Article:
Their silence is deafening

A recent FEC ruling, highlighted in Friday’s L.A. Times, allows wealthy individuals to contribute to a celebrity’s favorite charity in exchange for having that celebrity appear at a candidate’s fundraiser.

Strangely, none of the so-called "reform" organizations expressed their concern over this ruling.  Here at CCP we wonder why.

Certainly, the so-called "reform" community would have protested if, instead of donating to a celebrity’s charity, the wealthy individual directly compensated the celebrity for appearing. After all, that would be an in-kind contribution. 

But from a candidate’s perspective all that matters is that the celebrity shows up.

So, it seems to us that if "reformers" are concerned about the appearance of quid-pro-quo through direct contributions to candidates or in-kind contributions, then the "reformers" should also be outraged by this ruling.

After all, if a billionaire donates money to charity in order to have famous artists perform at a fundraiser does anyone really think that the candidate doesn’t know who made the whole thing possible? Such powers make the dreaded bundler of recent "reform" rhetoric seem feeble by comparison. 

Similarly, we imagine that the so-called "reform" community would protest, if instead of donating to a celebrity’s charity, a wealthy individual chose to contribute to a caterer’s favorite charity in exchange for the caterer providing food.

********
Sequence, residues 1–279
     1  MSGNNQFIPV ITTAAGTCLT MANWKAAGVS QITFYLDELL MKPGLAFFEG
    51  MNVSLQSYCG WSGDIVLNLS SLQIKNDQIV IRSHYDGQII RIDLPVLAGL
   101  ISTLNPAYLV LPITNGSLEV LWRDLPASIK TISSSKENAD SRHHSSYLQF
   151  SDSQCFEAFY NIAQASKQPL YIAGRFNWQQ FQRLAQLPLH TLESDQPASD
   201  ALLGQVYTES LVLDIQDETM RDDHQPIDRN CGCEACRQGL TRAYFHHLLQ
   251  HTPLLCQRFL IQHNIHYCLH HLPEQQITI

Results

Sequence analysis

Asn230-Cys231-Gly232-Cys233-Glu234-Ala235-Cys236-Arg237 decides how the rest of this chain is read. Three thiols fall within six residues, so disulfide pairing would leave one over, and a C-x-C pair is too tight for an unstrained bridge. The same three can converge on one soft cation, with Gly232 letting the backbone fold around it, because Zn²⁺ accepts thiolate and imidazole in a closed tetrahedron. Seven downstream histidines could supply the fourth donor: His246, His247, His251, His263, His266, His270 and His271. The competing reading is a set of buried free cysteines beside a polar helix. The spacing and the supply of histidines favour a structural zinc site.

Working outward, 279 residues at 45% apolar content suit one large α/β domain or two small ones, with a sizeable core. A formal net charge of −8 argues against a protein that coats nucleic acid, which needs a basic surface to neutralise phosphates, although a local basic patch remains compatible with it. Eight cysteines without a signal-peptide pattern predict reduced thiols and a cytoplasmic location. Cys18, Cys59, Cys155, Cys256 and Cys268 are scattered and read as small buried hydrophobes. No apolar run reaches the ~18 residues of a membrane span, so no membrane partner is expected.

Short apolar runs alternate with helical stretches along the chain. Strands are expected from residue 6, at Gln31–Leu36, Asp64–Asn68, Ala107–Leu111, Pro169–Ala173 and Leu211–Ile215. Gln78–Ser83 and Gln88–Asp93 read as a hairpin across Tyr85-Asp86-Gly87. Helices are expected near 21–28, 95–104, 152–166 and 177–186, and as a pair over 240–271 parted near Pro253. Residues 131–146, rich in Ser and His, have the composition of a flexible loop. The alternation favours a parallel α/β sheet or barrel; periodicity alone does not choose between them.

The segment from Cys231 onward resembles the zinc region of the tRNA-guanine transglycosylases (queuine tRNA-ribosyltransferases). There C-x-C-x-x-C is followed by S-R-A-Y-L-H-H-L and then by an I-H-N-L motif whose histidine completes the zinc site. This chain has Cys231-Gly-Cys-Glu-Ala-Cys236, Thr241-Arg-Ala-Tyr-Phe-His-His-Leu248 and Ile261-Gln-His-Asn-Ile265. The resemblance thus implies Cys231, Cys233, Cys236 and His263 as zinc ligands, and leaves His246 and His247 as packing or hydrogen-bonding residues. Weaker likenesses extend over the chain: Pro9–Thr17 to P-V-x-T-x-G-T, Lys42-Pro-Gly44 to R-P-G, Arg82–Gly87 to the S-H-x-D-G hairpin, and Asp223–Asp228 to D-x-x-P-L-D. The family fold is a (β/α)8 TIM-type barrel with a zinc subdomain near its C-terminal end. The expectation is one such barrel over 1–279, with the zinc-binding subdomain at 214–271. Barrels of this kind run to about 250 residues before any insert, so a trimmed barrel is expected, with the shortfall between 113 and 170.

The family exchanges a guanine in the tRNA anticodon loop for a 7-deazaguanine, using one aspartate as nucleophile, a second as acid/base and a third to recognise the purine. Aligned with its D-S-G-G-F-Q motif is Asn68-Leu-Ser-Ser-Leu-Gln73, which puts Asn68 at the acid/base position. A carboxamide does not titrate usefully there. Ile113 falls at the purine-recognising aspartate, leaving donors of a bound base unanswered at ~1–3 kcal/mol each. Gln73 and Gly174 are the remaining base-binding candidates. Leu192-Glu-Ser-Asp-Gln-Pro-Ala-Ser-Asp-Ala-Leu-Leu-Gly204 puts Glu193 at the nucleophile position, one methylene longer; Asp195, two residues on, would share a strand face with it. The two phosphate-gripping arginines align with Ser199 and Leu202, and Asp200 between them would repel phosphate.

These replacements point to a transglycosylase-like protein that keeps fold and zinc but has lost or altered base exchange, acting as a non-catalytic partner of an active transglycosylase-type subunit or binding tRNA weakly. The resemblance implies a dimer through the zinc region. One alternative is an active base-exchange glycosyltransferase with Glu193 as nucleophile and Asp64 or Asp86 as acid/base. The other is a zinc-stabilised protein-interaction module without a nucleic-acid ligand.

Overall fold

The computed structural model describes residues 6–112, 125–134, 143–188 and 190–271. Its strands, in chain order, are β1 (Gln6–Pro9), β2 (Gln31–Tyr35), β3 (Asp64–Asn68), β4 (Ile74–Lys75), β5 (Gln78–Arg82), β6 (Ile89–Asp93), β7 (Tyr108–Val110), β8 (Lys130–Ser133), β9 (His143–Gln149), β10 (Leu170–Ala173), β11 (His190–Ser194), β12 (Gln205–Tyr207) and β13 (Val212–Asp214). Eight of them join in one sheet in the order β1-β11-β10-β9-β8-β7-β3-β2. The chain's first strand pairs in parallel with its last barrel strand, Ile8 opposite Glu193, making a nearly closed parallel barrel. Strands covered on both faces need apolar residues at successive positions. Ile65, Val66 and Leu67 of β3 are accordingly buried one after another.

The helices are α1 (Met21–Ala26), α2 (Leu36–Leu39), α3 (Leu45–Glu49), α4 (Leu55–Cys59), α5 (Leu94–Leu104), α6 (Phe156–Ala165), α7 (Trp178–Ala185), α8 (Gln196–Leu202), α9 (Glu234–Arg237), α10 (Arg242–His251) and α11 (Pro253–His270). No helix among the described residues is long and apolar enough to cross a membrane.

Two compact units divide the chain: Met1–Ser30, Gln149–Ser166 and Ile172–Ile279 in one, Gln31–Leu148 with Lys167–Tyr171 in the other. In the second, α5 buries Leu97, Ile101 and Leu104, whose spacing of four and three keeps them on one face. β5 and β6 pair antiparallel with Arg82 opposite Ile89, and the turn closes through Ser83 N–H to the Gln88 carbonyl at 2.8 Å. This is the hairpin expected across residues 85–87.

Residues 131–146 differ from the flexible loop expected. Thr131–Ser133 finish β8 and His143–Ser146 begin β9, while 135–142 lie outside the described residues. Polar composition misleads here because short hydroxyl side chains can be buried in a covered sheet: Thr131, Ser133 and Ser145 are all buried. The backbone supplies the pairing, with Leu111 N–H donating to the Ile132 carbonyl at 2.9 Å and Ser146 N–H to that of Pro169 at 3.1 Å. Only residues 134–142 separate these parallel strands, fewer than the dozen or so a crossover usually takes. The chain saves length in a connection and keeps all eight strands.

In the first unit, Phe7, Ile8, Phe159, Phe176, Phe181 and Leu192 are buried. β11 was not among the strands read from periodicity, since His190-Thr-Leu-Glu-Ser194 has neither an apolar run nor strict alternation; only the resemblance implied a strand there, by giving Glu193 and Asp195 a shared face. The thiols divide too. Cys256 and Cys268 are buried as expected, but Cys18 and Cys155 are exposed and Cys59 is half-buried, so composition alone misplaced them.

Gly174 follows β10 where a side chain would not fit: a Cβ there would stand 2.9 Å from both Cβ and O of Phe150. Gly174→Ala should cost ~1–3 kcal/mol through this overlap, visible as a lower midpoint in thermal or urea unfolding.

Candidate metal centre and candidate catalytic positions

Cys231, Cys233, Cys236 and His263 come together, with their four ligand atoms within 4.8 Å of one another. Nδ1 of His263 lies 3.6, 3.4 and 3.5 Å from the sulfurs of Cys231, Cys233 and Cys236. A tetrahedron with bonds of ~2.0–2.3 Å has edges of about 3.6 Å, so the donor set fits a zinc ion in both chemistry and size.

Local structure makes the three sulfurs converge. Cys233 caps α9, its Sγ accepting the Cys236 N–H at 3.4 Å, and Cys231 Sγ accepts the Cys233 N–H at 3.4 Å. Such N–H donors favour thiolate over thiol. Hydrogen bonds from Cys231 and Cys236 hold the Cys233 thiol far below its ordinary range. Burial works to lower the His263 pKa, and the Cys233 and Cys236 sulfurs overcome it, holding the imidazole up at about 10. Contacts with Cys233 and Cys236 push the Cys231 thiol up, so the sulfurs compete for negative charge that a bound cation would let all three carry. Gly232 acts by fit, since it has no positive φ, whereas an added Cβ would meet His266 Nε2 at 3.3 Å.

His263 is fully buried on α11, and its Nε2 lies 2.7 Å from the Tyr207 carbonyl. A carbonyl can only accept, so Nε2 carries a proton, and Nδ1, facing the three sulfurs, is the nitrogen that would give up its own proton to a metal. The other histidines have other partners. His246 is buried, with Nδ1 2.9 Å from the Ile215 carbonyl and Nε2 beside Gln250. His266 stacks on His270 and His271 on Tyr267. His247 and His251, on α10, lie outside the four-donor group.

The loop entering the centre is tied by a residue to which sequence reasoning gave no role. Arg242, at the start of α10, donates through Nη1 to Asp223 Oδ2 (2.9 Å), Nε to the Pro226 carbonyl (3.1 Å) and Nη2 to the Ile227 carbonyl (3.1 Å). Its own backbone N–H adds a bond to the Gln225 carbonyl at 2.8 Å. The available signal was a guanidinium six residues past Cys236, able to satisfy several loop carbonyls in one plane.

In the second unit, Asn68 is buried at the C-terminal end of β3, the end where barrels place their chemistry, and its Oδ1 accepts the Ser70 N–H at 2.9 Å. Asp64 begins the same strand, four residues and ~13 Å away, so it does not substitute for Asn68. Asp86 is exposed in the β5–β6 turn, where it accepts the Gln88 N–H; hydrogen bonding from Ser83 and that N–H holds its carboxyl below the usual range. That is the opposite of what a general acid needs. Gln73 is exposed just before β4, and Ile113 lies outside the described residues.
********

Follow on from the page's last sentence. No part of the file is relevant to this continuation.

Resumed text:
So, justifiably or not, the silence of the "reform" community calls into question its true motives.  By not protesting when an FEC ruling has the characteristics of a policy that "reformers" would typically oppose – except that it is believed to primarily benefit liberal causes – some may wonder if campaign finance regulation is about much more than "clean" government.  

Indeed, it gives the appearance (and we all know how much appearances matter to the "reform" community) that campaign finance regulation is covertly about incrementally changing election outcomes in order to rig the game and suppress speech unfavorable to the ‘reformers’ other policy priorities.

We at CCP have no problem with the FEC ruling besides the fact that it does not go far enough, but we are left wondering why the "reformers" stayed quiet.

The Center for Competitive Politics is now the Institute for Free Speech.